From: Ellen Stuttle To: atlantis Subject: ATL: Mind/Body - to Roger et. al. (was Re: ~physical~ evidence...) Date: Wed, 12 Dec 2001 16:25:56 -0500

A further point: I suspect that if we adopt the entity ->action model, then the "conservation-of-energy" problem which has bedeviled scientific thinking on mind/body disappears.  Those knowledgeable about physics are prone to ask:  But how could consciousness put energy into the system?  Where does the energy come from?  I suspect that the answer is that no new energy is put into the system, that the energy involved in our conscious activities is the energy which is already there.  The energy is channeled, directed, but not created.  Does this make sense? Ellen S.

From: RogerEBissell To: atlantis Subject: Re: ATL: Mind/Body - to Roger et. al. (was Re: ~physical~ evidence...) Date: Sat, 15 Dec 2001 04:57:16 EST

A pile of dirt, a moving mass of snow or soil, a moving body of water, a moving mass of air are ~all~ coherent physical entities. Rand wanted to argue that unless they were "welded" together so that you could lift any part of them, and the rest would come along with it, they weren't entities. But that is a prejudice that comes from "reifying" one particular state of matter over the others -- namely, solid vs. liquid or gas. Rand tended to view grains of sand or dirt, or rivers, clouds, etc. as not being entities, because they flowed and separated, rather than sticking together.

In metaphysics, one is concerned with what is true of ~all~ entities, not just those that are ~solid~, or those that have ~volition~. 🙂  It is the special sciences that focus on what is true of entities in virtue of the specific ~kind~ of entity that they are.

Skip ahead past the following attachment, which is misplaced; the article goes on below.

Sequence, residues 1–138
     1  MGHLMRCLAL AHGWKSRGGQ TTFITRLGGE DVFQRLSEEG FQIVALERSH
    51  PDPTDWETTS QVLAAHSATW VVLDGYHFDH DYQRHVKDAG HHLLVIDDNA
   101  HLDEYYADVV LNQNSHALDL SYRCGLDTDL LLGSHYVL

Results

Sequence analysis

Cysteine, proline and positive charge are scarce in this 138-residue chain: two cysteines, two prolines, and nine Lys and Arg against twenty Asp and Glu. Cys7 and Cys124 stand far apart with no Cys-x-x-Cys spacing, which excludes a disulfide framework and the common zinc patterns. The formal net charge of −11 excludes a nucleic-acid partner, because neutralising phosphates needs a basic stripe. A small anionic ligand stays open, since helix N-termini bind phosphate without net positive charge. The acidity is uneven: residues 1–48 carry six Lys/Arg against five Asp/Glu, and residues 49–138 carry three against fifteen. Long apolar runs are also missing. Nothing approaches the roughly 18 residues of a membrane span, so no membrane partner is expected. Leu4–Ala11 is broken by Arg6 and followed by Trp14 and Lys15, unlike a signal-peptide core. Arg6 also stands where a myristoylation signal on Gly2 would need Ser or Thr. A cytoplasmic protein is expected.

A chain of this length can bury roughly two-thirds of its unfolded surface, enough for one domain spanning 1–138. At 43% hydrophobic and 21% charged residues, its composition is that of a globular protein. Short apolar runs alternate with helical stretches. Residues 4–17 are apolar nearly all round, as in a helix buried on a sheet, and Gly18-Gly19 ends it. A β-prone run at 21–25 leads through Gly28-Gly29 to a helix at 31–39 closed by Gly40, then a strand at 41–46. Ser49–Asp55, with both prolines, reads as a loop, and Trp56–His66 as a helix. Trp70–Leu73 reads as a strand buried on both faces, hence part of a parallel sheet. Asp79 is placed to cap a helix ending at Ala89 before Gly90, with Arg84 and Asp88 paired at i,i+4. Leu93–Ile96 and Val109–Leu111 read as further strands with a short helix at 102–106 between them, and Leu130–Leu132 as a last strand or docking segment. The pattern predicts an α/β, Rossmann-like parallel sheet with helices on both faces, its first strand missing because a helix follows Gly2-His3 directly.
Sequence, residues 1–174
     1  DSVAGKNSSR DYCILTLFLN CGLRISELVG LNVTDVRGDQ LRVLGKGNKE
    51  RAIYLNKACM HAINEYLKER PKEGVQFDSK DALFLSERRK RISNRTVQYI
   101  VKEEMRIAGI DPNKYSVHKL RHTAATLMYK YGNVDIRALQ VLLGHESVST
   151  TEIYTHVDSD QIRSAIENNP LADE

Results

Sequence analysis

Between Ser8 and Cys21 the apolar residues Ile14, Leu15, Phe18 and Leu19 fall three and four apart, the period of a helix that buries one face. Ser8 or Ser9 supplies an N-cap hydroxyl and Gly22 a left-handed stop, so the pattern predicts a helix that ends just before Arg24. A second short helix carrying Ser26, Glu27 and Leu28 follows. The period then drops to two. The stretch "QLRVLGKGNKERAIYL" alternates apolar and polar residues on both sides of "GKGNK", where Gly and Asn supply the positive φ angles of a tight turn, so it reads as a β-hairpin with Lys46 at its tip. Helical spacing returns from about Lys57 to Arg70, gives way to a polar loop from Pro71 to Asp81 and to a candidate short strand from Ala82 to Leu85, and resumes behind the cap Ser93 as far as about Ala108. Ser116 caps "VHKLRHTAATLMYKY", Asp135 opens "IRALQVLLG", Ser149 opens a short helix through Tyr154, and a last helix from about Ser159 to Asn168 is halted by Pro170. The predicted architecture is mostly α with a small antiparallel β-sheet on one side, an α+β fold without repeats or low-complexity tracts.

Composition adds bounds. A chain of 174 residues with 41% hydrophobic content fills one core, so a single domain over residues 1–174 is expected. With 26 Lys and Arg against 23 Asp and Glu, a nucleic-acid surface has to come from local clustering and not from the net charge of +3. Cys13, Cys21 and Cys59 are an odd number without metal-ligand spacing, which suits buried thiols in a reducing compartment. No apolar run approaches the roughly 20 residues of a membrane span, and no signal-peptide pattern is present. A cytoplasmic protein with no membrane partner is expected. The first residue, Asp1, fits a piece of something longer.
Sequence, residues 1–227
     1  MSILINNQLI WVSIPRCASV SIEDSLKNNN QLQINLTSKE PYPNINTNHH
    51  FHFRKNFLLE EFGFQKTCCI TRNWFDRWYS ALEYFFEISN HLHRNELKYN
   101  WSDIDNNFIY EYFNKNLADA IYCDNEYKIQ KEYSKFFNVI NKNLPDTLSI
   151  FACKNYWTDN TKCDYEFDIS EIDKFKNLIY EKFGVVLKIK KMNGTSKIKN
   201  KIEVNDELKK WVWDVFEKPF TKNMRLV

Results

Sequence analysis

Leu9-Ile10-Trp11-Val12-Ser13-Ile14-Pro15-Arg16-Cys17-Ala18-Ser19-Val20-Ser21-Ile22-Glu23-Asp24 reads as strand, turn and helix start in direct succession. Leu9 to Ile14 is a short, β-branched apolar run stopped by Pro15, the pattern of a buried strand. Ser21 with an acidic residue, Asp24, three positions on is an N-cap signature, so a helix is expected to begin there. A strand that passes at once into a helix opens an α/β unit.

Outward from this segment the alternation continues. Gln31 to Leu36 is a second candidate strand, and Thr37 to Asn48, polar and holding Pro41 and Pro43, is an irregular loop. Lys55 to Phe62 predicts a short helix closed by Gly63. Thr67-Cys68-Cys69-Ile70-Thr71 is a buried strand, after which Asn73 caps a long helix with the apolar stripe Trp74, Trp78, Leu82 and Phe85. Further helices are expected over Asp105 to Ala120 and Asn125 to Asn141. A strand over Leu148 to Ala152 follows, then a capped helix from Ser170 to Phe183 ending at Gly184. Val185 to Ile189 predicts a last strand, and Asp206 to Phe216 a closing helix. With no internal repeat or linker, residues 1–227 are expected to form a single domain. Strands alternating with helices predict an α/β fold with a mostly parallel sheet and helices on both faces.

Further details and irritating remarks to follow in my forthcoming essay, "What is a Metaphysician to Do?"  🙂 Best to all, Roger Bissell

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Oh heck one more, simply because it is no longer PC since 2000 AD. Not BC, oh ye fans of Rand. And no. I am not, maybe, trying to embarrass Ellen. Pedro

From: Ellen Stuttle To: atlantis Subject: ATL: Of Blacks and Whites (was: Of Dogs and Men) Date: Sun, 26 Mar 2000 22:43:54 -0500. Possibly this example might help in clarifying the dispute between Barbara and Will: Suppose I'm a restaurant owner and I'm prejudiced against blacks.  Do I have a right not to serve blacks? Certainly. Am I acting in accordance with an objective value system which squares with the rational requirements of human life? Hell no. Ellen S.

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On 5/24/2019 at 10:38 PM, Ellen Stuttle said:

I can see some advantage to The Gang in propping up the Ayatollah regime.  But North Korea?  Why?  What Gang advantage is there in a country with a mad man at the helm and a nuclear button within his reach and the West Coast of the US within range?

Ellen